My first marriage was to a Japanese man. Having spent my adult life in Japan, where I spoke, thought, and dreamt in Japanese, I had thought marrying an American would be easier. After all, we shared a language and a culture. But it wasn’t easier. Marriage is tough no matter how you slice it. And so I have tried much harder this time to cultivate shared interests, values, and aesthetic predilections—which is challenging when you are married to an astrophysicist!
In Japan, I was a student of tea ceremony. When I began my lessons, my sensei, in the hopes that the other students would take to this new and very awkward American (me!), decided we should get to know each a little. But rather than have us introduce ourselves and encourage us to share tidbits of our life history, she plopped down a massive tome on historic textiles in our laps. We were told to look at the pictures and chat about them. Tea ceremony makes use of so many historic fabrics and each has its own story—some deriving from Indian cotton chintzes calledsarasa, while other patterns originated in imperial China or traditional Japanese brocade. As we shared our preferences, we got to know each other through shared tastes.
I thought it was a very Japanese thing to do, and so was surprised when my new American father-in-law, when speaking at our wedding, said that he has come to feel that liking the same things is one of the most important aspects in lasting relationships, especially between husbands and wives. That is how my husband and I started going on what we call our “art pilgrimages.” We wanted to spend time soaking up our shared appreciation of art. And the trip to Arezzo to see Piero della Francesca’s frescoes was our first such pilgrimage together.
Back then, the story of the True Cross was new to us both. Having its origins in the medieval Golden Legend, it tells the tale of the Cross from its beginnings in the tree of knowledge in the garden of Eden. A shoot of the tree was planted at Adam’s grave by his son Seth. After many centuries, this shoot grew into a giant tree. The tree was later cut down to build a bridge, and it was across this bridge that the Queen of Sheba passed when she was on her way to visit King Solomon. As she made her way across the wooden bridge, she saw a terrible vision and warned Solomon that the future Savior of the world would be killed using wood from the bridge. This, foretelling the end of the Jewish kingdom, Solomon destroyed the bridge and plunged the wood into a swamp.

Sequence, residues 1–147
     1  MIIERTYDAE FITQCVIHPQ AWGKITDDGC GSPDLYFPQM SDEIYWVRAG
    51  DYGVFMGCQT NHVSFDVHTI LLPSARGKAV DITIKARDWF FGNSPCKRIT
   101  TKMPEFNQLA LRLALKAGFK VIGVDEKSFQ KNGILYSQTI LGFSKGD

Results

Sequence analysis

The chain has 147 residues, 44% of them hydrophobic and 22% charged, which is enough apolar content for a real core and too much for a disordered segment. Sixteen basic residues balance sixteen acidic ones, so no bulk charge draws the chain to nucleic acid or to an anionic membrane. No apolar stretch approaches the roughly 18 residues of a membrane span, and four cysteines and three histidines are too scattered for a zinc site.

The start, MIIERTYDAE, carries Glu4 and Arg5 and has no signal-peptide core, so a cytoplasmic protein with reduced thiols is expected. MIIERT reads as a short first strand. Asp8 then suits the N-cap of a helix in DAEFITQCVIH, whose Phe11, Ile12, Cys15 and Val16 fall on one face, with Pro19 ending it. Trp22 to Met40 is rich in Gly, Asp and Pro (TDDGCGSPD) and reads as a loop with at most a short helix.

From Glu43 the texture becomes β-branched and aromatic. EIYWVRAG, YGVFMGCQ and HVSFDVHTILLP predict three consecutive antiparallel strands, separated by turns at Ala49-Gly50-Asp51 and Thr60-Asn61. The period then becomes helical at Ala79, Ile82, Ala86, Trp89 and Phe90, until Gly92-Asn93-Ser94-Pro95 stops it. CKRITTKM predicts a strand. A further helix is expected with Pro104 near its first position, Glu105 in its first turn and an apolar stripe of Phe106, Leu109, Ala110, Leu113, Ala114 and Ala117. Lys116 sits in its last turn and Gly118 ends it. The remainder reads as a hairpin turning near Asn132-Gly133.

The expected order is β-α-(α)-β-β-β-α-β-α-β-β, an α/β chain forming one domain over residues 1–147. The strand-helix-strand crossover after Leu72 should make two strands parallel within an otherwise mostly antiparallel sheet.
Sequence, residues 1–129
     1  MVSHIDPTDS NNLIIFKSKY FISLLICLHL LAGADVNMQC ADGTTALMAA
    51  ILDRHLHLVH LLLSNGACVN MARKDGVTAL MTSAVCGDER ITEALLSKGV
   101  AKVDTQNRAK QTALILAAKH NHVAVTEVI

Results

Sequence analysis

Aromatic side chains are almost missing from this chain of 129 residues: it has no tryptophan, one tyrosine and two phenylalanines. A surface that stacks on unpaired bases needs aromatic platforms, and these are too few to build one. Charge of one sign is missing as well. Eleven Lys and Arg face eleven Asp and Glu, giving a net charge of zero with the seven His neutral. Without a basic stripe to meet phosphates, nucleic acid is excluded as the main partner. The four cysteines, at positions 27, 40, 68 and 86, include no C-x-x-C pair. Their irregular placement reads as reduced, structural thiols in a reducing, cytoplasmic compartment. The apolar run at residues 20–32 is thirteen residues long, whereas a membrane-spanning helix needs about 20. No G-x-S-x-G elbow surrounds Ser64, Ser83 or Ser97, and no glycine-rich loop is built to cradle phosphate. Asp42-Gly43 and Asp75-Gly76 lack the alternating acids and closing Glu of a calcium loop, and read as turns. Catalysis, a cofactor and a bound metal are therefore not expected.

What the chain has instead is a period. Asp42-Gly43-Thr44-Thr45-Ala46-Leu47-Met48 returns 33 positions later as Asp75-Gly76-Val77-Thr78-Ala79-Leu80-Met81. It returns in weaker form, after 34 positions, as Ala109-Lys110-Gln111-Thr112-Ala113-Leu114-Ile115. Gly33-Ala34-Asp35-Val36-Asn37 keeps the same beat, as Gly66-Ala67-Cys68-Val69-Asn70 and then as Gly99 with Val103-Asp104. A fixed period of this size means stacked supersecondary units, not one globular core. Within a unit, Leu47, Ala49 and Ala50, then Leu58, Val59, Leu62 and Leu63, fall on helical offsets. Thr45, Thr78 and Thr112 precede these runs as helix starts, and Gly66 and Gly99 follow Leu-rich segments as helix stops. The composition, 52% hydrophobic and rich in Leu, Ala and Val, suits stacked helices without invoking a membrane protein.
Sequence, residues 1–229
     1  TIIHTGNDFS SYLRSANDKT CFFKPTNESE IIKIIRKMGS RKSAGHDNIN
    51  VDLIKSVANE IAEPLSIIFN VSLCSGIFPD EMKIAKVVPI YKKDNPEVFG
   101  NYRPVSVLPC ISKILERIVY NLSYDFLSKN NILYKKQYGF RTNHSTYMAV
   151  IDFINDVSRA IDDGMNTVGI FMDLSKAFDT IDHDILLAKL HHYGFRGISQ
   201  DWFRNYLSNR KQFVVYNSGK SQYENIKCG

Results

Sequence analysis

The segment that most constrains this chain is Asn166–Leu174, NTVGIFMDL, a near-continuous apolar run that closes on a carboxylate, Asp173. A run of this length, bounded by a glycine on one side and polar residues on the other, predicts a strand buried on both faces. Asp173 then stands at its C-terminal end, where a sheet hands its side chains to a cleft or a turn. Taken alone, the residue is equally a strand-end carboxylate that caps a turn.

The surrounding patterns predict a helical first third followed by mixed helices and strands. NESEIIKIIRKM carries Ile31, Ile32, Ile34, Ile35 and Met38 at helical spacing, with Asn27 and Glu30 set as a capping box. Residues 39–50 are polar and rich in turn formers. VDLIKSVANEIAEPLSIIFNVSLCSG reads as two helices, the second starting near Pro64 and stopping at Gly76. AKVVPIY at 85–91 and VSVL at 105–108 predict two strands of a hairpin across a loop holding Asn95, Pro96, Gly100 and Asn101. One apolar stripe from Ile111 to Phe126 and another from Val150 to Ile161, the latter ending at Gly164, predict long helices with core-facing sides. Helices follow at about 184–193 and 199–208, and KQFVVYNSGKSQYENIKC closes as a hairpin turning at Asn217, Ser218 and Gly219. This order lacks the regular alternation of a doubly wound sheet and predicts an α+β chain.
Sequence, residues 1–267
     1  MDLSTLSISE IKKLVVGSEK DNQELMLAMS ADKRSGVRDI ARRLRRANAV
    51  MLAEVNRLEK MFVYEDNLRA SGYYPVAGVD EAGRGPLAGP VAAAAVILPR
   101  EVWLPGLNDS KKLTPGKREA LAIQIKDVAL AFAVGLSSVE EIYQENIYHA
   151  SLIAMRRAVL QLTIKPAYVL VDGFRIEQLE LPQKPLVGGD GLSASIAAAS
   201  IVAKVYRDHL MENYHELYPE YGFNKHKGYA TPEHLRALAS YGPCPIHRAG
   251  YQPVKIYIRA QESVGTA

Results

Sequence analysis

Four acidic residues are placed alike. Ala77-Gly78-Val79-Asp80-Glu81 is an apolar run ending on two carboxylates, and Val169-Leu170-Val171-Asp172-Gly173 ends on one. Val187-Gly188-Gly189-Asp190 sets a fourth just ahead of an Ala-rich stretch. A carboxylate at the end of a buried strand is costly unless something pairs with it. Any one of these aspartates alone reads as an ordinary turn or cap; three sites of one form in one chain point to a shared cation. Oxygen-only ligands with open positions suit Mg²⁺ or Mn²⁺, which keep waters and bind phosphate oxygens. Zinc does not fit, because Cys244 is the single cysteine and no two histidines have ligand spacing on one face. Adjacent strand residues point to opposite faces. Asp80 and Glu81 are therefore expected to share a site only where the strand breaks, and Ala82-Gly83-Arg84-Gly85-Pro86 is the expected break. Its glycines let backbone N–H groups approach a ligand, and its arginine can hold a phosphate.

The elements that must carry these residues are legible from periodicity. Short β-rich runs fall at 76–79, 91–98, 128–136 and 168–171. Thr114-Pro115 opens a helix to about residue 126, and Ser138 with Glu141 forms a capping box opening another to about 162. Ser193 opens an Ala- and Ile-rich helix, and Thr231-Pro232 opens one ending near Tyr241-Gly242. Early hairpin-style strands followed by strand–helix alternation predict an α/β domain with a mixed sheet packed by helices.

From the Queen of Sheba to Saint Helena the fantastical tale of the True Cross was part of the Medieval imagination down into the Renaissance, when Piero della Francesca painted his frescoes of the True Cross in the Basilica of San Francesco in Arezzo between 1450-1460.
It was early in the morning when we arrived at the basilica. Standing side-by-side in the apse, we had the place to ourselves. The paintings overwhelmed—almost pressing me into the ground with their power. When I turned to my new husband, I saw tears in his eyes.
Let’s return to the Bellini painting.
In the painting, the streets are jam-packed with onlookers. Un miracolo, they claimed. The miracle depicted in the picture occurred during a Lenten festival in 1370. Venice has always been known for its spectacular festivals and ceremonies-- the Sensa, the Redentore, the Salute, the Carnivale. These were times of great excitement, when the people of the city turned out to celebrate and honor their relationship with the sea, with God, and to give thanks for being delivered from plagues and floods. There was music and fireworks—the air fragrant with roasting meats and baked apples, as one record described events during the Renaissance. And Venice’s many confraternities, called scoule, played leading roles in organizing and carrying out the festivities.